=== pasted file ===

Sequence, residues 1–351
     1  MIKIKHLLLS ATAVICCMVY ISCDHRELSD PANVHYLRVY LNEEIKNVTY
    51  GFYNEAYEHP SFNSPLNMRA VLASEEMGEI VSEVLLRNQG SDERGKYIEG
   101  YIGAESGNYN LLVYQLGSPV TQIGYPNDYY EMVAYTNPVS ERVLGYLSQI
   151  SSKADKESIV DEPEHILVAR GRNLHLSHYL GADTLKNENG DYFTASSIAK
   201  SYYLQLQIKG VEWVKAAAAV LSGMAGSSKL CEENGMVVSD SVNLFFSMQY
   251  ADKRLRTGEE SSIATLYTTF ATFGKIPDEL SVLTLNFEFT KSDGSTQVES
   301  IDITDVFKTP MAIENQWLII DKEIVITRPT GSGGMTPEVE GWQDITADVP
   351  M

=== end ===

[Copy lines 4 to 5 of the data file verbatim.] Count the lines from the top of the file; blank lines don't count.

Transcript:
   101  YIGAESGNYN LLVYQLGSPV TQIGYPNDYY EMVAYTNPVS ERVLGYLSQI
   151  SSKADKESIV DEPEHILVAR GRNLHLSHYL GADTLKNENG DYFTASSIAK